Advocate Aurora Health believes clean air saves lives. The health system located in Illinois and Wisconsin has been a leader in energy conservation for the past decade and has committed to source 100% of its electricity by 2030. Transitioning to clean energy will reduce carbon dioxide emissions by nearly 400,000 metric tons — equal to removing 84,000 passenger cars from the road each year while also reducing pollution particulates contributing to chronic health conditions, such as asthma. Advocate Aurora Health also leverages their purchasing power to make value-based purchasing decisions in alignment with their commitment to supporting local and diverse businesses and sustainable products and services. It’s not always the lowest cost that wins the day. By taking an ethical approach to decision making whenever possible, several factors are weighed to optimize the greatest impact on supporting local economic vitality, ensuring environmental conservation and safety, while also being good stewards of its financial resources.

Advocate Sherman Hospital in Elgin, Ill. is adjacent to a geothermal lake that heats and cools the facility, saving on energy costs. (Advocate Aurora Health)

Advocate Aurora Health recently had an opportunity to consider options for sourcing its annual $3.5 million copy paper spend. Sourcing options ranged from 100% virgin paper from a non-diverse owned business — but with the greatest cost savings potential — to a 30% recycled paper sourced from a minority-owned business with fewer cost savings. The system opted for the latter with wins in all categories: environmentally preferable, a local minority-owned business, and bottom-line savings.

“Our system sees the use of ethical guardrails as the best way to ensure accountability for selecting safer, healthier products and increasing diversity in its supply chain,” says Bruce Radcliff, system vice president supply chain of Advocate Aurora Health.

Not all purchasing decisions are as clear cut, but certainly instructive for enabling an intentional approach that is mutually beneficial for society and the health care sector’s multi-billion-dollar supply chain.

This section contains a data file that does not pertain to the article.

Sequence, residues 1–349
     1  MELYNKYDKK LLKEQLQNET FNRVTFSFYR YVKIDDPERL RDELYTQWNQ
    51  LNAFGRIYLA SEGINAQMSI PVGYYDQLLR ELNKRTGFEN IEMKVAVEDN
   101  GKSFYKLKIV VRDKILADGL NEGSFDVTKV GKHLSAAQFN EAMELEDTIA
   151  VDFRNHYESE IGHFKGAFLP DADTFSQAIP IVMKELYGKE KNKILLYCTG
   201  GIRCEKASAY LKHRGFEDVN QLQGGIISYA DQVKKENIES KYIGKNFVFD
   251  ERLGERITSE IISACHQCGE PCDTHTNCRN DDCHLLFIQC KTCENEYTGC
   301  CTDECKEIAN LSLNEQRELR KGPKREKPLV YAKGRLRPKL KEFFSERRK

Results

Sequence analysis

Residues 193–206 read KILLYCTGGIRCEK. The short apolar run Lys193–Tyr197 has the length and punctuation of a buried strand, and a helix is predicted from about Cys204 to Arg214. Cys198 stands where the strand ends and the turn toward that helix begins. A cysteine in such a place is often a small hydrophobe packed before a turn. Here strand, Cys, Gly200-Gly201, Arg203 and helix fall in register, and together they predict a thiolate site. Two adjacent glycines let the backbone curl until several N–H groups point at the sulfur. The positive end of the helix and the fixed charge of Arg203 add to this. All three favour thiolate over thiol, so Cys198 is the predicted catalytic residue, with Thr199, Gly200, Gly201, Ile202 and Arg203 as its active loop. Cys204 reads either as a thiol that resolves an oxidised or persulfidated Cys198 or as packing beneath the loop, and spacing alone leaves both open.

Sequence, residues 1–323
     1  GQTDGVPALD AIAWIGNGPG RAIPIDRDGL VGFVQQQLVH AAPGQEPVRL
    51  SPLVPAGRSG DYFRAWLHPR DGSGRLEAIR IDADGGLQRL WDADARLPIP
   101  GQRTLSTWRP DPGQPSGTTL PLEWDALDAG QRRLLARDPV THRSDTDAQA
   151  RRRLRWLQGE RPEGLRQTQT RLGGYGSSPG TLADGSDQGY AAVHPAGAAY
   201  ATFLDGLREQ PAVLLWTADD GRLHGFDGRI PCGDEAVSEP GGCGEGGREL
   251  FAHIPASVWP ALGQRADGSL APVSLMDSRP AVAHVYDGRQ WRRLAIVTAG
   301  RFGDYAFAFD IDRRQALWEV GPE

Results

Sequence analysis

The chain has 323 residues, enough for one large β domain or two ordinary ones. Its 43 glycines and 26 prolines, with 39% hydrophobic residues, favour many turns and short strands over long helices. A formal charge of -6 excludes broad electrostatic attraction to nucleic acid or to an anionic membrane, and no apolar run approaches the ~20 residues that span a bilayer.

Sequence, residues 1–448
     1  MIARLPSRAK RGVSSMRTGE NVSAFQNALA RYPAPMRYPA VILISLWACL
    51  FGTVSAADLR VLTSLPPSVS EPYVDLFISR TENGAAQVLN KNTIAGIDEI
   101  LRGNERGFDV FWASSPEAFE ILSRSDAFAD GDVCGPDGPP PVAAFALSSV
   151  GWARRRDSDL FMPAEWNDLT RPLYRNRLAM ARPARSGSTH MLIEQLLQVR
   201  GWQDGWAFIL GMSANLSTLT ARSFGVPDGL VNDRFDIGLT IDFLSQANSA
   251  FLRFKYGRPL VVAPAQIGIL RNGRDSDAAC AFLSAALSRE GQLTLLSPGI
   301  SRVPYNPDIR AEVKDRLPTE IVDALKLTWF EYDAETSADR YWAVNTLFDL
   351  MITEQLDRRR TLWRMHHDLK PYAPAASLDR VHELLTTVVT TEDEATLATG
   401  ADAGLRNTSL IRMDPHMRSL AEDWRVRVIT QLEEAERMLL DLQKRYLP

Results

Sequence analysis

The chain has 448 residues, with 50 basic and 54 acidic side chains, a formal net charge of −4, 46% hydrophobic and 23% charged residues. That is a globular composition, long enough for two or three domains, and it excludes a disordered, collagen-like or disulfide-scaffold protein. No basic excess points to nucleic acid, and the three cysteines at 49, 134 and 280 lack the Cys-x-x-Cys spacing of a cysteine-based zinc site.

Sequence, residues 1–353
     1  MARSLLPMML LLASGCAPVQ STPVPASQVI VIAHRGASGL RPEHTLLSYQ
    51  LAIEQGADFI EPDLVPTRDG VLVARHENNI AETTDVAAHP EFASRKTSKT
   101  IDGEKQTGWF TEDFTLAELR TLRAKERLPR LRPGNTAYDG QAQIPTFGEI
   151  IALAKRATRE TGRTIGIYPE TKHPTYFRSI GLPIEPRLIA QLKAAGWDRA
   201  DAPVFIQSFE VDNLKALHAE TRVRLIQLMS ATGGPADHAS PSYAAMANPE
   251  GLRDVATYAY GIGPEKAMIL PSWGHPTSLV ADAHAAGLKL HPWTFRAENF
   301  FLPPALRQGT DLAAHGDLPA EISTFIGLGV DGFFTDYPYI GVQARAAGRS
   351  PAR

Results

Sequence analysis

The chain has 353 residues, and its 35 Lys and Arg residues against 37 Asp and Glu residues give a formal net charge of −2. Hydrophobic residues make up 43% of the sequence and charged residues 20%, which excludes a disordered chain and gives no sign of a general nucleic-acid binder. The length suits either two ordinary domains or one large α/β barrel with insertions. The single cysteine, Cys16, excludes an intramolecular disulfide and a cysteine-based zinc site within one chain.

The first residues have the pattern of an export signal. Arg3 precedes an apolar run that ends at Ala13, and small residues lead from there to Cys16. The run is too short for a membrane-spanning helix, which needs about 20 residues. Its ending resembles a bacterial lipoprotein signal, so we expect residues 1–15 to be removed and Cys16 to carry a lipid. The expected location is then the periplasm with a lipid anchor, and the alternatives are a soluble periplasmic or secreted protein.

Our new guide for sustainable procurement is the first of its kind. Featuring stories and insights from 25 health care organizations around the world, the guide provides step-by-step guidance and tools for hospitals to serve as a roadmap for both new and existing programs.

As community anchors, U.S. hospitals can use their purchasing power to improve the health of their communities. They can help heal systemic racism in America by contracting with more local and minority-owned businesses for sustainable and environmentally preferable products, both reducing their reliance on suppliers overseas while increasing and stimulating job creation.

Health systems have a moral and mission-related responsibility to heal themselves and the communities they serve. Representing almost 20% of the nation’s overall economy it is the only sector that is underpinned by an ethical framework. By incorporating this framework into current procurement practices we can harness health care’s enormous purchasing power to heal the environmental and social conditions that are making people sick in the first place.

Mary Beth Lang, Kaiser Permanente, Chief Procurement and Supply Chain Officer
Mary J. Larsen, Advocate Aurora Health Director, Environmental Affairs & Sustainability
Gary Cohen, Health Care Without Harm Founder



Health Care Without Harm

Health Care Without Harm seeks to transform health care worldwide so the sector reduces its environmental footprint and becomes a leader in the global movement.